New York 1, Tel Aviv 0
(Farrar, Straus and Giroux, 2014)
Shelly Oria’s debut collection, New York 1, Tel Aviv 0, gives us 18 stories that follow characters negotiating the tricky natures of their closest relationships, including lovers in a long-term three-way, an estranged father and daughter, a man and his only friends in town, and a woman addicted to married men and her therapist friend who tries to cure her. Most of Oria’s stories take place in a recognizable reality, but she doesn’t shy away from adding a touch of the fantastic to some of her settings, such as the North American town of “Maybe in a Different Time,” where it is possible to donate any number of organs (including one’s skin or heart), and still remain alive (if slightly changed emotionally from the experience).
Dramatic events happen in the worlds around Oria’s characters (young people begin their years in the Israeli army; missile alarms sound in Tel Aviv; the counting of time is literally stopped); however, what matters most to the men and women who populate these stories is not these outside events, but how their own small actions are perceived by the other humans in their intimate lives, and how the terms of their relationships are defined, person to person.
The collection opens, in the title story, with themes of language, home, and displacement. Oria, whose writing language of English is not her first language, explores the limitations and difficulties in making connections through spoken words. In “New York 1, Tel Aviv 0,” two members of a three-lover relationship are Israeli, and speaking Hebrew to one another signifies private territory—they are doing something together that their third partner, an American, cannot. While their Hebrew conversations provide a certain comfort to each other, a reminder of their shared geographic home, they also have the effect of creating walls within their full relationship: “Hebrew feels weird, like some secret code; Ron and I got used to speaking English between us because of Zoë, and gradually Hebrew started to feel like an intimate space we shouldn’t be sharing.”
Language and its limitations come back in the final story, “Phonetic Masterpieces of Absurdity,” where Nadine, a professional prostitute, claims that she understands “moans better than she understands words” because “with sound you get something that language can’t hide. With sound, you get the feeling underneath the words.”
Oria’s characters don’t always have the correct words to say to one another, but they seem always to be trying to reach the magic words that will make everything okay. A common motif in the stories is this: characters calculating what they say to one another to inflict the least amount of trauma to their relationships, to keep things going as they are. There is a fear of disrupting the status quo, a desire to keep everything the same, to control the uncontrollable—humans and relationships will change, and Oria’s characters fight those inevitable changes, even though they almost always fail to exert real power on other people’s actions and their feelings about those actions.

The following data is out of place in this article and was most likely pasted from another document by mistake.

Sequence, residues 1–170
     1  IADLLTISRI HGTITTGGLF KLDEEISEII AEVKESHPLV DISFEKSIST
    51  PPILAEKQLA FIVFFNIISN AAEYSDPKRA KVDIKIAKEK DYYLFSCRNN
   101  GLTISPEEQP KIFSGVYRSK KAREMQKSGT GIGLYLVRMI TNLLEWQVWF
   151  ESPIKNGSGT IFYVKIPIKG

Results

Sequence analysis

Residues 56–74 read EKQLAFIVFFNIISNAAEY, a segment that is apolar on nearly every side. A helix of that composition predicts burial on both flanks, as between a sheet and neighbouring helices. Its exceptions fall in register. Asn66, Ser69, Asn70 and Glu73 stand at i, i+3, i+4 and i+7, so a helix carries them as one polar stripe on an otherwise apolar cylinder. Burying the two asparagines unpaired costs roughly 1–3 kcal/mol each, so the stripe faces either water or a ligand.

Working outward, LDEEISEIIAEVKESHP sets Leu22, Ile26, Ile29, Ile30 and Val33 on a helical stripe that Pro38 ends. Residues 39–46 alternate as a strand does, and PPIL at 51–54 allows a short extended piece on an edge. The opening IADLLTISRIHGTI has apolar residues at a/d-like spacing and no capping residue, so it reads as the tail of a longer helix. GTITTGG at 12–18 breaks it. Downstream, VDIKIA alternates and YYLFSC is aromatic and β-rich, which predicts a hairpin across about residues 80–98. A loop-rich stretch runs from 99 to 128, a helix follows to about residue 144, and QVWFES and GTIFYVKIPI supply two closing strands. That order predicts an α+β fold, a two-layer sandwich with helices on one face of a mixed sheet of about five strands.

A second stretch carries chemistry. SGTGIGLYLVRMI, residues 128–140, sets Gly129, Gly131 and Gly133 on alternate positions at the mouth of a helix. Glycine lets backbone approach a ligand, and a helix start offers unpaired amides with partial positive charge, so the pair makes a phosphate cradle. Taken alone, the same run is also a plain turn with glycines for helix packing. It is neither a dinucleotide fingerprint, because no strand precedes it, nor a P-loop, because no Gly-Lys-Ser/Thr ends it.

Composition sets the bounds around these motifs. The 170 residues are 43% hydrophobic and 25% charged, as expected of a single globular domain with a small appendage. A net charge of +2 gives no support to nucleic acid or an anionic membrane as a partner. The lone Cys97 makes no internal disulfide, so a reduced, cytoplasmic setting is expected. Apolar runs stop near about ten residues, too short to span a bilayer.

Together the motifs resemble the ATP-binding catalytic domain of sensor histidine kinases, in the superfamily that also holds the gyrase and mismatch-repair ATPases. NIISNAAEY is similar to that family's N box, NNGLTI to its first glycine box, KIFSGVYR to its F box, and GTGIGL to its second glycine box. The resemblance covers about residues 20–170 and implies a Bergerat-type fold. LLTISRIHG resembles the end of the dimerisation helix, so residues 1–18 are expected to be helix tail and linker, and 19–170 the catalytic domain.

Many of Oria’s stories deftly explore the differences in the reality of who we are at our core as opposed to the persona we present to others. Most of her characters seem aware of this divide in themselves, consciously making decisions to say the words that they believe will elicit the desired responses from (most often) their romantic partners, but it is only the first-person narrator in “Wait,” addressing a specific you (her ex-lover), who admits to the other that she is being dishonest in her actions. She is addressing an ex who will inevitably move on, as exes often do, while trying to gain control of the situation by stating her acceptance of it and simultaneously inserting herself into his new life. She theorizes about her ex’s future lover, giving him advice about how to behave, how to make his new relationship strong and not make the same mistakes he made with her:
You don’t know who I’m talking about, but she will be blond. A year from now, you’ll be having an argument in a restaurant uptown. It will be about green olives—you keep forgetting she’s allergic—but it will be about fear. Her fear of losing you, her fear of me.
In appearance (or at least in how she hopes to be perceived), the unnamed narrator of this story is trying to be a friend to her ex, going through the motions perhaps in an attempt to convince herself that this is possible, finally admitting, “I’ll pretend that this is a conversation we can have.”